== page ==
The Nevetts' complaint was based on breach of contract and fraud. The jury returned a general verdict for $95,000.00. The trial court denied the defendant's motions for a judgment notwithstanding the verdict or in the alternative for a new trial.
On appeal, George argues that the trial court made numerous errors regarding the admission of evidence and that the evidence adduced was insufficient to sustain the jury verdict. We disagree.
Although many of the facts in this case were in dispute, it is the function of the jury, which is authorized to draw all reasonable inferences from the evidence, to resolve controverted factual inferences. Fleming v. Kirkpatrick, 371 So.2d 16 (Ala. 1979).
Clearly, in this case, the jury could reasonably conclude that the Nevetts were entitled to a judgment for breach of contract. It is undisputed that the parties entered into a contract in which George warranted that the property was free of all encumbrances not set out in the contract. The mortgage to BTNB was an encumbrance not described in the contract and not satisfied at the time of closing.
Considering all the evidence, the jury also could reasonably have concluded that George was liable for intentional fraud. Fraud by misrepresentation of a material fact is defined in Alabama Code 1975, § 6-5-101:
"Misrepresentations of a material fact made willfully to deceive, or recklessly without knowledge, and acted on by the opposite party, or if made by mistake and innocently and acted on by the opposite party, constitute legal fraud."
In order to make out a prima facie case of fraud, the plaintiff must prove: (1) that the defendant made a false representation concerning an existing material fact; (2) that the plaintiff was deceived by the misrepresentation and that he relied on it; (3) that his reliance was justified under the circumstances, and; (4) that as a proximate result of the misrepresentation, the plaintiff suffered damages. See Mahoney v. Forsman, 437 So.2d 1030 (Ala. 1983); Cecil Crews Chevrolet-Oldsmobile, Inc. v. Williams, 394 So.2d 912 (Ala. 1981).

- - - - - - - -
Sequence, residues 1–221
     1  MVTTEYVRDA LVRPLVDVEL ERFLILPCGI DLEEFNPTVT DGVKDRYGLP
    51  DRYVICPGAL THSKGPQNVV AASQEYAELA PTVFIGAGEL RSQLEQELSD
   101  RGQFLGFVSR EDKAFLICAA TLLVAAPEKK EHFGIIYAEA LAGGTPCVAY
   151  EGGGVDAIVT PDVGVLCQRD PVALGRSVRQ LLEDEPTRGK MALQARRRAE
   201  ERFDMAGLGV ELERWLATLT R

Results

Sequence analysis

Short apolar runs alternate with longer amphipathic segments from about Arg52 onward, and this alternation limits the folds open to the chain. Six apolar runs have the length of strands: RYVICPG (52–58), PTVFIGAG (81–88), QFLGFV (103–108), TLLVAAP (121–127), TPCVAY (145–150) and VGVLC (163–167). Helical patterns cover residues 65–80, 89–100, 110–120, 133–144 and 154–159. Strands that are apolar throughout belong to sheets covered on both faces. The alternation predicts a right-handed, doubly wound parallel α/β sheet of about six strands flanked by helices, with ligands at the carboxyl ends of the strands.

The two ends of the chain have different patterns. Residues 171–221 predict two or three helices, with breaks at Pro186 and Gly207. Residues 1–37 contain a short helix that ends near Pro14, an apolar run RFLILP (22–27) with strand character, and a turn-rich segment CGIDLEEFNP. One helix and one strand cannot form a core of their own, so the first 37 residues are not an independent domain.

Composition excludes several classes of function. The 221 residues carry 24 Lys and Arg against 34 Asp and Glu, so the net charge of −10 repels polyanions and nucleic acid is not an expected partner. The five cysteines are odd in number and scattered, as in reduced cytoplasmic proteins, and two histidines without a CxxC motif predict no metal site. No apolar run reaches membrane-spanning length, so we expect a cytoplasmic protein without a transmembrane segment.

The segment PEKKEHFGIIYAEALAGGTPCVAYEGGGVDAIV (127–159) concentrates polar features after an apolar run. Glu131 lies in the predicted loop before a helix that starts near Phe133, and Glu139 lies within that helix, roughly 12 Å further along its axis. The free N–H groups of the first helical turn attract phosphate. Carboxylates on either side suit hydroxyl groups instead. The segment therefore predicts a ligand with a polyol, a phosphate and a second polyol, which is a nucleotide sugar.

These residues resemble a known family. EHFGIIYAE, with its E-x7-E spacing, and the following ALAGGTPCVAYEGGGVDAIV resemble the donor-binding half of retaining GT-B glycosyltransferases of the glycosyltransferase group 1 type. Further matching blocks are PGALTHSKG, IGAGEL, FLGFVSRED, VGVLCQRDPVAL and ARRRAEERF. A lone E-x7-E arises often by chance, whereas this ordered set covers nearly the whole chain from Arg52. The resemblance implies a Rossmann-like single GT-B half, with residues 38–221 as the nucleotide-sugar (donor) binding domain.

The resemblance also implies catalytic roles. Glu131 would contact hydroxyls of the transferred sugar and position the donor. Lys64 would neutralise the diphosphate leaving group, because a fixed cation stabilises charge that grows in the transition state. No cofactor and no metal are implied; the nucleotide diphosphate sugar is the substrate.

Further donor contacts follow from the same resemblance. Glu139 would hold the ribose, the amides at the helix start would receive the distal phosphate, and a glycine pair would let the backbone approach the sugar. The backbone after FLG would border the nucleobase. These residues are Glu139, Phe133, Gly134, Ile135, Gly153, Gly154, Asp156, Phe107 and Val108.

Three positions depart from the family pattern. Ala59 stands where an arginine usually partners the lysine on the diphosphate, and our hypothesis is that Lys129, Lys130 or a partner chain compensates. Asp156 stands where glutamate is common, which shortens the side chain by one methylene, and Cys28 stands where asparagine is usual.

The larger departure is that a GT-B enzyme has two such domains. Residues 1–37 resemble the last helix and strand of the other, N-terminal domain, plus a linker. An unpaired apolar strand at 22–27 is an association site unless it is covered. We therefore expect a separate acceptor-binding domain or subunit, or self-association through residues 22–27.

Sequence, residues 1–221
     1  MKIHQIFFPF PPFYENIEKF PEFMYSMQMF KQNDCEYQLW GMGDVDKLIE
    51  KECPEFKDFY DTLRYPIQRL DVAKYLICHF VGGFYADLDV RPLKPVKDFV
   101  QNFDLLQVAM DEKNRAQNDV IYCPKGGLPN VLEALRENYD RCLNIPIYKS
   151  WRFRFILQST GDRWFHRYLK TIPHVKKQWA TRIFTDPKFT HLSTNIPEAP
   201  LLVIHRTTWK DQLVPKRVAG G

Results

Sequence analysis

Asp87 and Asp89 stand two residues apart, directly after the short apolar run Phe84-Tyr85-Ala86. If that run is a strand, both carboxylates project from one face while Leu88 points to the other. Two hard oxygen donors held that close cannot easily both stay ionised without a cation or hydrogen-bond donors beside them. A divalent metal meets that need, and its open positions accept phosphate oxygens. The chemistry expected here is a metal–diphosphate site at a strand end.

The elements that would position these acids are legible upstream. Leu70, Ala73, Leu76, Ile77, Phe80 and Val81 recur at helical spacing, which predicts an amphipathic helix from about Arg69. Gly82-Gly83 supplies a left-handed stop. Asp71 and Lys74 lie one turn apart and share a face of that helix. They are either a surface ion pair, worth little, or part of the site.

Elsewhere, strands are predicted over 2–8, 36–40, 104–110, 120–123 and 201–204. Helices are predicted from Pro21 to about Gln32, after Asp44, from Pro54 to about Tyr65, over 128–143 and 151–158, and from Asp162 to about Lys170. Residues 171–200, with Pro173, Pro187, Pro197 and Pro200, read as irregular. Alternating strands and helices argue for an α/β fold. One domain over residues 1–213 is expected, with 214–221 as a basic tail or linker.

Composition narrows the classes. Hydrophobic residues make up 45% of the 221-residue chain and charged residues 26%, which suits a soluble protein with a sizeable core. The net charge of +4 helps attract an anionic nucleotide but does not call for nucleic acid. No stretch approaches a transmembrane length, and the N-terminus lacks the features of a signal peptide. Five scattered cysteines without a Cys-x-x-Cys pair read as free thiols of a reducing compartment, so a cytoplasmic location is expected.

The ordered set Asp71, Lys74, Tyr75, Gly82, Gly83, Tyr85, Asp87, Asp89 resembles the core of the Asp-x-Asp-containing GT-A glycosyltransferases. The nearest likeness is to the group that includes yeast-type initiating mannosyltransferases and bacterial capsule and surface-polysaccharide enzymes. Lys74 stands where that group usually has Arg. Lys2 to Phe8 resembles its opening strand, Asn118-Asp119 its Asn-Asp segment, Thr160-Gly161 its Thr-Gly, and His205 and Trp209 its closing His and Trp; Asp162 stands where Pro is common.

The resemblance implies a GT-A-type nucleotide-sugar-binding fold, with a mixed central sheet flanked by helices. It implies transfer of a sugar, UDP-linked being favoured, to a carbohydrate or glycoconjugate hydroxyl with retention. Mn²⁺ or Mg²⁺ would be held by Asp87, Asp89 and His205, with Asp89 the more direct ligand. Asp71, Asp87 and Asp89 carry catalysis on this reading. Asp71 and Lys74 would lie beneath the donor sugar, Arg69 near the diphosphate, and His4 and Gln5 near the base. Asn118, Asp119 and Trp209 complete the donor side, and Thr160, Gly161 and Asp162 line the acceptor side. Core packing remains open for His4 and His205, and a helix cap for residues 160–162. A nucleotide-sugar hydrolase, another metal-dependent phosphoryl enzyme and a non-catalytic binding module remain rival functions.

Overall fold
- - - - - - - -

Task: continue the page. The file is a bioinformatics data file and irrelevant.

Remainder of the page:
In this case George represented that there were no outstanding mortgages other than the first mortgage to Birmingham Federal. George knew of the BTNB mortgage, yet failed to disclose it in the sales contract or in the deed. Based upon the evidence presented, the jury could reasonably have concluded that the Nevetts were deceived by the misrepresentation and that they justifiably relied on it in purchasing the property.
The jury apparently resolved the factual dispute of whether the misrepresentation was intentional in favor of the Nevetts, and we will not disturb that finding. Although arguably the Nevetts had notice of the BTNB mortgage, since it was indicated on the closing statement and on the title binder, the intentional misrepresentation occurred at the time of closing, when the encumbrance was not cleared in accordance with the contractual provisions. Furthermore, the BTNB mortgage was not satisfied until approximately one year after the closing.
The jury returned a verdict of $95,000.00 in favor of the Nevetts. The general verdict was returned without specifying upon which theory liability was imposed.
According to Mr. Nevett, he sustained a total of $89,477.01 in damages, as follows: (a) $67,888.97 actual cash paid to George as a result of the sale; (b) $8,300.00 real estate commission which Mr. Nevett agreed to undertake, of which only $3,800.00 had been paid at date of trial; and (c) $13,288.04 interest paid by Nevett on money borrowed to make the original payments to George. It appears that the balance was based upon a punitive damages award.